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Alpha-linolenic acid



α-Linolenic acid
Other names Linolenic acid; α-Linolenic acid; cis,cis,cis-9,12,15-Octadecatrienoic acid; (Z,Z,Z)-9,12,15-Octadecatrienoic acid; Industrene 120
Identifiers
CAS number 463-40-1
Properties
Molecular formula C18H30O2
Molar mass 278.43 g//mol
Except where noted otherwise, data are given for
materials in their standard state
(at 25 °C, 100 kPa)

Infobox disclaimer and references

Alpha-linolenic acid (ALA) is a an organic compound found in many common vegetable oils. Systematically, it is named all-cis-9,12,15-octadecatrienoic acid.[1] In physiological literature, it is given the name 18:3(n-3).

ALA is a carboxylic acid with an 18-carbon chain and three cis double bonds. The first double bond is located at the third carbon from the omega end. Thus, ALA is both a polyunsaturated fatty acid, and an omega-3 fatty acid. It is an isomer of γ-linolenic acid, an omega-6 fatty acid.

Additional recommended knowledge

Contents

Dietary sources

  Seed oils are the richest sources of alpha linolenic acid, notably those of rapeseed (canola), soybeans, walnuts, flaxseed (Linseed), perilla, chia and hemp. Alpha linolenic acid is also obtained from the thylakoid membranes of the green leaves of broadleaf plants (the membranes responsible for photosynthesis).[2] Greens, therefore, and animals that eat greens, are often a good source of ALA.

Common nameAlternate nameLinnaean name% ALAref.
Chia chia sageSalvia hispanica64% [3]
KiwiChinese gooseberryActinidia chinensis62%[3]
PerillashisoPerilla frutescens58%[3]
FlaxlinseedLinum usitatissimum55%[3]
LingonberrycowberryVaccinium vitis-idaea49%[3]
PurslaneportulacaPortulaca oleracea35%[3]
Sea Buckthorn seaberry Hippophae rhamnoides L.32%[4]
HempcannabisCannabis sativa20%[3]
RapeseedcanolaBrassica napus10%[1]
Soybean soyaGlycine max8%[1]
  average val

Role in nutrition and health

Alpha-linolenic acid is a member of the group of essential fatty acids called omega-3 fatty acids, so called because they are an essential dietary requirement for all mammals. Most seeds and seed oils are much richer in the omega-6 fat linoleic acid. Linoleic acid is also an essential fat, but it, and the other omega-6 fats, compete with omega-3s for positions in cell membranes and have very different effects on human health. (See Essential fatty acid interactions.)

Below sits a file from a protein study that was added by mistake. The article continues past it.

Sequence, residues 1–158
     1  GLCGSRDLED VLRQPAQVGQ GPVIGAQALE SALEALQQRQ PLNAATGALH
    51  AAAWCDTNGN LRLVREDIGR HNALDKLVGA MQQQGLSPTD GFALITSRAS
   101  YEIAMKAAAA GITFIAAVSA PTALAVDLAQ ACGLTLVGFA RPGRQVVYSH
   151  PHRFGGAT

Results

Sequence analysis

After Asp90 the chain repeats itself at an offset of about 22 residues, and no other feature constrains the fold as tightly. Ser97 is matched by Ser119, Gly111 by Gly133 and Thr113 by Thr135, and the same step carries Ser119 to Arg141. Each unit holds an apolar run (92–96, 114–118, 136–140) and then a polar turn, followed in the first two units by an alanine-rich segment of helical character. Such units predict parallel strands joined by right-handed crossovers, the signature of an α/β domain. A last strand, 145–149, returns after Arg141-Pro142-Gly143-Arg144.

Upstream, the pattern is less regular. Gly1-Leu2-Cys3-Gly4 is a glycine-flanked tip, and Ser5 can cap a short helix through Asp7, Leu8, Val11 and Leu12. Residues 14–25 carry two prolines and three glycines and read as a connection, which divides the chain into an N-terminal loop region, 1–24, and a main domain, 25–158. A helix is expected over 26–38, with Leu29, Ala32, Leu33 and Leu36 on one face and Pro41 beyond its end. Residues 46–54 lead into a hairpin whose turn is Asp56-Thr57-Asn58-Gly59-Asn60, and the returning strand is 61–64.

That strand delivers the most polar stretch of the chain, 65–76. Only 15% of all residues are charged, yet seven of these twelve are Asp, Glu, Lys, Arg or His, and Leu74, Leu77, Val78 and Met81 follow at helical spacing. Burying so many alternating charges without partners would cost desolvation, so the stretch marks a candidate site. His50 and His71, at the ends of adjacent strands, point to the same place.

Eicosapentaenoic acid (EPA; 20:5n–3) and docosahexaenoic acid (DHA; 22:6n–3) play a vital role in many metabolic processes. Although these 2 fatty acids are readily available from fish, these marine-derived fatty acids can also be synthesized by humans from alpha-linolenic acid (ALA; 18:3n–3). Humans, however, can obtain ALA only through their diets, because the absence of the required 12- and 15-desaturase enzymes makes de novo synthesis from stearic acid impossible. Furthermore, conversion of dietary ALA into EPA is limited. Because the efficacy of n–3 long-chain polyunsaturated fatty acid (LC-PUFA) synthesis decreases down the cascade of ALA conversion, DHA synthesis from ALA is even more restricted than that of EPA.[citation needed] It is generally assumed that linoleic acid (LA; 18:2n–6) reduces EPA synthesis because of the competition between ALA and LA for common desaturation and elongation enzymes.

Studies have found evidence that ALA is related to a lower risk of cardiovascular disease.[5][6] However, the mechanism is still unclear: The body converts ALA into the longer chain fatty acids eicosapentaenoic acid (EPA) and docosahexaenoic acid (DHA), and it is unknown whether the protective effect against cardiac arrhythmia is exerted by ALA itself, or by these metabolic products. Some studies have linked ALA with rapidly progressing prostate cancer[7] and macular degeneration,[8] increasing the risk 70% over control subjects (over those that did not receive ALA). Research has also suggested a major neuroprotective effect of ALA in in-vivo models of both global ischemia and KA-induced epilepsy.[9]

A large 2006 study found no association between total alpha-linolenic acid intake and overall risk of prostate cancer.[10]

Linolenic acid and trans fats